Both Teller and The Journal have bigger, showier openings ahead: Next month, The Journal will launch its new 35,000-square-foot space in Williamsburg with a show by Daniel Turner; Teller, for his part, opens his Francesco Bonami-curated show The Girl With the Broken Nose at the Palazzo Reale in Milan on September 20. In the meantime, Teller talks to Style.com about sonhood, fatherhood, One Direction, and his lack of anxiety of influence.
I suspect that for a lot of people who know your fashion photography, this show will come as something of a surprise. But do you see Irene im Wald as being of a piece with the rest of your work?
What I do for fashion and what I shoot for myself, I treat it differently, and I also treat it the same. If I’m shooting a campaign, I have to photograph clothes, I have to photograph shoes, handbags, and spectacles. There are commercial needs. I find it difficult to do, honestly, the pre-production. But I think I’m good at it, the fashion stuff. And once I’m shooting, then I’m just shooting. And for me taking a picture is always about a relationship; it’s intimate. So these pictures, they are intimate, too, but in a different way.
What inspired you to shoot your mom in the forest?
I was always drawn toward this forest—I played there as a child. And I’ve always had this urge to do pictures there. But when I tried, it never worked. I was trying too hard, I think. Then I moved to my house in Suffolk, in the country, and there I began to try taking landscape pictures again. And it was better, and that gave me the courage to go back to my mum’s place and take pictures there. So I went, and when I went, well, my mum was quite keen to go out walking with me, and so we were out walking and talking and that’s what happened.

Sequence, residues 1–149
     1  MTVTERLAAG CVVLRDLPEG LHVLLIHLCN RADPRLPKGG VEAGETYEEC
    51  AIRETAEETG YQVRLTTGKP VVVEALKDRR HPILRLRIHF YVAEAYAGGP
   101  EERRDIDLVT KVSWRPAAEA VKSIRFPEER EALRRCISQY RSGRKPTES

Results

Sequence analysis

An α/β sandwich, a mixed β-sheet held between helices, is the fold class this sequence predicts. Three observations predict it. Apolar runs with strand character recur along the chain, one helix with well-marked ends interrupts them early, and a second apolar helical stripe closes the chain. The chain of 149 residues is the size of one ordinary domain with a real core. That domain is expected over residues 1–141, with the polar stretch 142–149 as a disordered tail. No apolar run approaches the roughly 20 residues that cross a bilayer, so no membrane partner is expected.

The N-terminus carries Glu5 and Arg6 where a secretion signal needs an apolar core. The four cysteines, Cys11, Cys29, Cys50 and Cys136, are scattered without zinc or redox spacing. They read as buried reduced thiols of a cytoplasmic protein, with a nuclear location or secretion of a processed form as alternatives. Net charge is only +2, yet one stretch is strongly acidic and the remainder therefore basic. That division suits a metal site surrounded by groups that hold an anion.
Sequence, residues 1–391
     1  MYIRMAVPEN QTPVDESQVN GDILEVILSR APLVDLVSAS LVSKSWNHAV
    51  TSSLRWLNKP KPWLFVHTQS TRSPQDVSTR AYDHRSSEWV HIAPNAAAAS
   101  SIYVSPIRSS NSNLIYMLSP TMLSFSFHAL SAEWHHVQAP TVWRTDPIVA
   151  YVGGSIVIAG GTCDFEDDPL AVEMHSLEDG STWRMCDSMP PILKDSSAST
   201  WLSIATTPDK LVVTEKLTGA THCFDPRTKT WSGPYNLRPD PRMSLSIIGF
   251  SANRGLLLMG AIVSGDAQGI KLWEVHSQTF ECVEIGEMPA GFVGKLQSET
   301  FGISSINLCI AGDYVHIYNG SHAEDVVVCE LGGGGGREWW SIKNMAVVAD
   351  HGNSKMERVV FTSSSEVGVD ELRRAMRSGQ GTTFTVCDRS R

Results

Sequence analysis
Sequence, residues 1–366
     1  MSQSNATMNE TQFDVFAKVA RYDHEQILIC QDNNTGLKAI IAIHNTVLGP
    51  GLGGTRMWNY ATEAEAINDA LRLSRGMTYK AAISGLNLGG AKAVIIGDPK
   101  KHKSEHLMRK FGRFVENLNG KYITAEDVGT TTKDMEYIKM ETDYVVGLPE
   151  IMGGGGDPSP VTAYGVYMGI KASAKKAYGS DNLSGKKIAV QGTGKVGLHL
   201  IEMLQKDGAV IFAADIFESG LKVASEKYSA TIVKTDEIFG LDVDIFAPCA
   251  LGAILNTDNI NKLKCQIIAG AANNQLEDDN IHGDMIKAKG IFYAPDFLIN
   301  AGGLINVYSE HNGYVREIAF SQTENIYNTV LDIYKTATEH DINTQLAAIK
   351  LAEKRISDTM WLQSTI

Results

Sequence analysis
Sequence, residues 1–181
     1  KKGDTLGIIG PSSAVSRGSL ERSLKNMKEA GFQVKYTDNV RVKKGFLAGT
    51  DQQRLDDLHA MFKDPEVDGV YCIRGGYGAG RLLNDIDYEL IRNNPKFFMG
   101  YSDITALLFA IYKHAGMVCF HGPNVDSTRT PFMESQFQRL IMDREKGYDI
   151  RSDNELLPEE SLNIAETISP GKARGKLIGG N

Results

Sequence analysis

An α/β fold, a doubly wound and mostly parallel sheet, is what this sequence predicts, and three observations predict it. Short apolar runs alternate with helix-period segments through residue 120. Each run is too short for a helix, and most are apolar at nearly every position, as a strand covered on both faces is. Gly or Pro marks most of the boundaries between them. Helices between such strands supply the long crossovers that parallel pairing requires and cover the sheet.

The anecdotes that run with some of the photos—are those the things you were talking about? I mean, those are rather intense memories, like almost having the money your mother sent you in London stolen, when you were young and broke.
No, no. The things my mum and I talked about, they were banal. Like we were talking about my children. Normal things like that. But then when I came home to England and looked at the photos, these other stories came back to me. It’s all a love letter to my mother. She’s getting older. Continue Reading “Tell Tales: In Conversation With Juergen Teller” »
With its intense insider focus, Industrie magazine always acts as a kind of fashion yearbook. The latest issue, out Wednesday, takes the concept literally. For a feature titled Class of 2012, the editors enticed some of fashion’s biggest names to rifle through their high school photo albums. You’ll likely recognize the floppy-haired fellow in the striped shirt, but who’s the future street-style star in the plain white Lacoste? Here’s your exclusive first look at the new issue, featuring Haider Ackermann on the cover (pictured, above), shot by Juergen Teller.